After 100 years of actively suppressing fire in our national forests, the clinical report is in. Our forests are unhealthy and the prescription for getting them back to a healthy state is -- fire.

When the land now contained within the boundaries of the National Forests were in a natural state, fires swept through in a two to six year cycle. These fires were low intensity and effectively controlled the understory of the forest, eliminating fuels on a regular basis.

The Forest Service is now endeavoring to replicate the natural process with prescribed burning and mechanical treatment. Burning will take place when various conditions such as humidity, wind direction, speed, and fuels moisture make it safe and effective to burn.

The public can register to receive regular email notifications of planned burns by choosing the “Southwestern Region” option at http://www.fs.fed.us/news/subscription.shtml. Information can also be obtained via the Prescribed Fire Hotline at 928-226-4607, our website, and Twitter at www.twitter.com/CoconinoNF.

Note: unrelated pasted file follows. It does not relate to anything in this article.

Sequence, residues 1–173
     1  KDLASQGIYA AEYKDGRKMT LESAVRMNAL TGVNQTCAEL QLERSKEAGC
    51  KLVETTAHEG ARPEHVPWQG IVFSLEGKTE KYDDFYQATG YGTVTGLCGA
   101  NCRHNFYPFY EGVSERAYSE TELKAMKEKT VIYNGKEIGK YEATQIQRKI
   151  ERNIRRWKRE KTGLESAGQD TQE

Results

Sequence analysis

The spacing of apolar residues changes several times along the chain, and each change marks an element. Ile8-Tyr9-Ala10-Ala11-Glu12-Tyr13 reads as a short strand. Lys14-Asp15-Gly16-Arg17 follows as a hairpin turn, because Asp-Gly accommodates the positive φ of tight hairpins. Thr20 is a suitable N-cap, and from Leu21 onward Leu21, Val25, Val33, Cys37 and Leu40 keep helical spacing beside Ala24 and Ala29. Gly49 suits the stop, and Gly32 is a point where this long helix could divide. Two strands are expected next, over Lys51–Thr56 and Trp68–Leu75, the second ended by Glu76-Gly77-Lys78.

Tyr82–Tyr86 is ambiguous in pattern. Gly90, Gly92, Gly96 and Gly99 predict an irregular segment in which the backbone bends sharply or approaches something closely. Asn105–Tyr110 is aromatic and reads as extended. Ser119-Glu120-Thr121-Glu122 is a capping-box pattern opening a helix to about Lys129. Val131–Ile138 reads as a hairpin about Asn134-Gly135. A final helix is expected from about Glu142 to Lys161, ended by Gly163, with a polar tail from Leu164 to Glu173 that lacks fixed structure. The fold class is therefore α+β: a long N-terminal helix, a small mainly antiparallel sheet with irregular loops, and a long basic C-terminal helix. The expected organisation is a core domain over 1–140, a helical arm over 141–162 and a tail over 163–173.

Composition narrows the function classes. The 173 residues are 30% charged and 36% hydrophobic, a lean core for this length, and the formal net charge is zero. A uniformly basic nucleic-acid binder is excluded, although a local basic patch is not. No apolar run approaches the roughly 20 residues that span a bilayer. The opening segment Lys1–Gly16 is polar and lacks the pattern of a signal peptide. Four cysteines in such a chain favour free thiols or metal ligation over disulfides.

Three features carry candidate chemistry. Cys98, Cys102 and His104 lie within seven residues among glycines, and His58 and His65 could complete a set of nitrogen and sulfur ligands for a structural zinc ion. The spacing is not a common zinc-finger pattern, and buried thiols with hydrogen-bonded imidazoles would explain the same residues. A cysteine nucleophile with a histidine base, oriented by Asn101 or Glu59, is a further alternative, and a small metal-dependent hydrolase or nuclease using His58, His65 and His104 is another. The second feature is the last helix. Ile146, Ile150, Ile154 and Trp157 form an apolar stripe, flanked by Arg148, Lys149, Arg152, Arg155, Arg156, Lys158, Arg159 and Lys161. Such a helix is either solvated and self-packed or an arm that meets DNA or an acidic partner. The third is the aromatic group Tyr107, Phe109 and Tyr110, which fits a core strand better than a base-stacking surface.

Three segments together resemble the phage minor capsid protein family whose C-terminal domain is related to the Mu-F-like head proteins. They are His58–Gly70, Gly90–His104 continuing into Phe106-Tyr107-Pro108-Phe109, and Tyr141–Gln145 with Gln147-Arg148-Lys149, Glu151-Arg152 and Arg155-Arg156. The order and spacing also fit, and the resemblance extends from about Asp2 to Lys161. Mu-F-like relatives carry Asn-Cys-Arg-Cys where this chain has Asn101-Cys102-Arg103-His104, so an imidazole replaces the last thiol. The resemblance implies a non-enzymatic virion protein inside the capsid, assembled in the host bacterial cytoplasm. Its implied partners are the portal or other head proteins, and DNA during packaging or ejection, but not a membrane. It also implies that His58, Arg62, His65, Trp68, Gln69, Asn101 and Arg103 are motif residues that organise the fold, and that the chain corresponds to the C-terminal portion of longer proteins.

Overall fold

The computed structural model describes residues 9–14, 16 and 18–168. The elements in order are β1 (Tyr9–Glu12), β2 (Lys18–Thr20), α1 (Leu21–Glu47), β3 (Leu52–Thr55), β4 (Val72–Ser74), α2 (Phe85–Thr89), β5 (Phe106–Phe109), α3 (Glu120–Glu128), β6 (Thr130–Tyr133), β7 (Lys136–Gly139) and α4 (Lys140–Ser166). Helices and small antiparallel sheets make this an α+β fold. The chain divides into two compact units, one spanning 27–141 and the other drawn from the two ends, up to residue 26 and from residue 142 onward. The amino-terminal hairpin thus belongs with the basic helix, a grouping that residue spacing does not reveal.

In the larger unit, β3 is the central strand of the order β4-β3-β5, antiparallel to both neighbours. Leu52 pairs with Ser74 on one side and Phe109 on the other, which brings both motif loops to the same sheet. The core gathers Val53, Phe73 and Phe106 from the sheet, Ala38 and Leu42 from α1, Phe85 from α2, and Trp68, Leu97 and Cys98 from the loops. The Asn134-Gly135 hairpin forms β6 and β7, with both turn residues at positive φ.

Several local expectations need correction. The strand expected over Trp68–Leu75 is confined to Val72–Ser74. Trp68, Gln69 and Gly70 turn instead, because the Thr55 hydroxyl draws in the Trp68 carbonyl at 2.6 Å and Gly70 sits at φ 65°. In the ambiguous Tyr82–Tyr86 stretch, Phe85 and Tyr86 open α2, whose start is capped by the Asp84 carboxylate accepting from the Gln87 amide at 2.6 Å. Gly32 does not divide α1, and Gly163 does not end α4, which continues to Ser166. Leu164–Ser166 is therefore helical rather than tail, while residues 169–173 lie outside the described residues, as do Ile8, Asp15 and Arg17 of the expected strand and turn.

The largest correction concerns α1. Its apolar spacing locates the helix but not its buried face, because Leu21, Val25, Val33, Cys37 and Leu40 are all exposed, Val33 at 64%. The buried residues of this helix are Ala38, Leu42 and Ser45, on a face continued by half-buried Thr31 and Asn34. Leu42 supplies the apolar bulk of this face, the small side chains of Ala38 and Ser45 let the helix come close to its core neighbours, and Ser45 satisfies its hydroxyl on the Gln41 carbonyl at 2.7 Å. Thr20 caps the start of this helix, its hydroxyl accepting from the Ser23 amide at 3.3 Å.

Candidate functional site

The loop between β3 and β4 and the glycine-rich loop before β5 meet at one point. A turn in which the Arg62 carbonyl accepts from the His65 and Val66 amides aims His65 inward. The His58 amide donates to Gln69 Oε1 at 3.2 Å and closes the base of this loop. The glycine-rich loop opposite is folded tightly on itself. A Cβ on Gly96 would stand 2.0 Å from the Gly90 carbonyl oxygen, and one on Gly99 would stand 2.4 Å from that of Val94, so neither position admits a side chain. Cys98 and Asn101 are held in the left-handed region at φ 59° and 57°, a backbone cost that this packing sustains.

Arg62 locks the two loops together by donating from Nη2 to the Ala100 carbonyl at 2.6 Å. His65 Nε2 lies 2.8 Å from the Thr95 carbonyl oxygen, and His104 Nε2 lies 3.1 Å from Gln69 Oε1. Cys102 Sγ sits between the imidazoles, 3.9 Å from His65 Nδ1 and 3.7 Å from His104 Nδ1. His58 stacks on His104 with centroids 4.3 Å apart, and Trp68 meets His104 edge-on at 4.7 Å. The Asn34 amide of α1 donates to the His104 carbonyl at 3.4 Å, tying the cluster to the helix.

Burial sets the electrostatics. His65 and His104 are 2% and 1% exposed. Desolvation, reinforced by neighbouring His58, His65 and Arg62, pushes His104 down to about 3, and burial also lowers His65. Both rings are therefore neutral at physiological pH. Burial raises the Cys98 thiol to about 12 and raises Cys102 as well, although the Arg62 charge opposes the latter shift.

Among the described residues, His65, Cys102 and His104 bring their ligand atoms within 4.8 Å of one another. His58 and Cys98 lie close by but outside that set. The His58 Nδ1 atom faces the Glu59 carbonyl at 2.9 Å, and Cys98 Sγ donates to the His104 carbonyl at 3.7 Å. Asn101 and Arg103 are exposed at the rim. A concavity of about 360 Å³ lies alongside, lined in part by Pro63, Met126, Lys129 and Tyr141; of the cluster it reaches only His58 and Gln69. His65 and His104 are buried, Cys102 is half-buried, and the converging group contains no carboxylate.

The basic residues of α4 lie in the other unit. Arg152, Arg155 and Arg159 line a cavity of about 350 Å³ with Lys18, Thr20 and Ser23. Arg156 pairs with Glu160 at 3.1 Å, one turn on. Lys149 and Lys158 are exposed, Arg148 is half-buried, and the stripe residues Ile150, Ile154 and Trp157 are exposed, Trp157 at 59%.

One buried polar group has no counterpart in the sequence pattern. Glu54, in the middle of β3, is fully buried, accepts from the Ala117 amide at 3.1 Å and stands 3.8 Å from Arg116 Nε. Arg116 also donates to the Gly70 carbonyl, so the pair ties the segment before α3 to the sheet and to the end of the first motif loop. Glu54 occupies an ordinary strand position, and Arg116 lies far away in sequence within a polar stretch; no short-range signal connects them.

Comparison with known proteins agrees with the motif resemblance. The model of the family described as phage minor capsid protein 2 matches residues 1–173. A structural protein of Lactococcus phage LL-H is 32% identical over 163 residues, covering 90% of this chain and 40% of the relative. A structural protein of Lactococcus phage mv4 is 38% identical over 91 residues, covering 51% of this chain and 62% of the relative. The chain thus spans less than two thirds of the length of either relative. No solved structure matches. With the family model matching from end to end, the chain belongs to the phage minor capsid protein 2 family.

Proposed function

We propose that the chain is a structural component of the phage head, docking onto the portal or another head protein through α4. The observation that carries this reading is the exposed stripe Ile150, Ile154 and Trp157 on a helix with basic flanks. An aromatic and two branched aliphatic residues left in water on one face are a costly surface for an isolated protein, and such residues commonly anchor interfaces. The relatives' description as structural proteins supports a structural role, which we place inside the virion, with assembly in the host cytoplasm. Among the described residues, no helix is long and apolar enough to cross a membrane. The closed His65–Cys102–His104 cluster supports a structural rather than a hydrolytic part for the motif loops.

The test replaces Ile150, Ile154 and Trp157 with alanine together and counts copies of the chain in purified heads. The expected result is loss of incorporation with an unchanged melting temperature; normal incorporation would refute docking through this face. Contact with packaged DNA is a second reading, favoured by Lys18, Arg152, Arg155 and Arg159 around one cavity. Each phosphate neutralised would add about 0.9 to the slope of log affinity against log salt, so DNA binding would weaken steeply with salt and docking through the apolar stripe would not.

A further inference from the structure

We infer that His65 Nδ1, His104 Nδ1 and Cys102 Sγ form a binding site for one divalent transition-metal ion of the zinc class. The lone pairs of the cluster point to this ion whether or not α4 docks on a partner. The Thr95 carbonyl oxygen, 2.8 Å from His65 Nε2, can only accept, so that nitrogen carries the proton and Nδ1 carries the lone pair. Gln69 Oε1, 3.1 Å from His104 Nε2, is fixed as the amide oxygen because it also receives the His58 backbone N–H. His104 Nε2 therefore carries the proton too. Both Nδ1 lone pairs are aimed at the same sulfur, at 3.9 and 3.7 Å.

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September 16, 2014

Kaibab National Forest

 

North Zone Fall Prescribed Fire Begins

 

FREDONIA, Ariz. – Pending favorable weather conditions, North Zone fire managers will implement a prescribed fire treatment in the Jacob Ryan South project area tomorrow at the Groupsite Unit, which is 471 acres in size.

The Groupsite Unit is located within the North Kaibab Ranger District (NKRD) and is bordered by Highway 89A on the north, Forest Service Road (FSR) 205 on the east, FSR 634 on the south and Highway AZ 67 on the west. The prescribed burn will be continuously monitored by Forest Service firefighters to control spread.

During the planning stages of any prescribed fire, fire managers carefully develop a prescribed fire burn plan and implement the prescribed fire treatment only when environmental conditions are ideal to assuring firefighter and visitor safety and only upon approval of the Arizona Department of Environmental Quality.

“These treatments are necessary to reduce hazardous fuels accumulation in the forest and protect the community from the threat of future large fires,” said North Zone Fuels Specialist Dave Robinson. “We understand that smoke created while we accomplish this may impact people in the Jacob Lake vicinity, and we do our best to keep the public informed of our plans and activities, particularly those who may have sensitivities to smoke.”

Objectives specific to this season’s prescribed treatments include improving the defensible space in the Wildland/Urban Interface within the NKRD developed areas, expediting the development of northern goshawk habitat, increasing landscape resilience to wildfire, insects and disease, returning fire to a fire-adapted ecosystem, improving forest health and sustainability and enhancing public safety.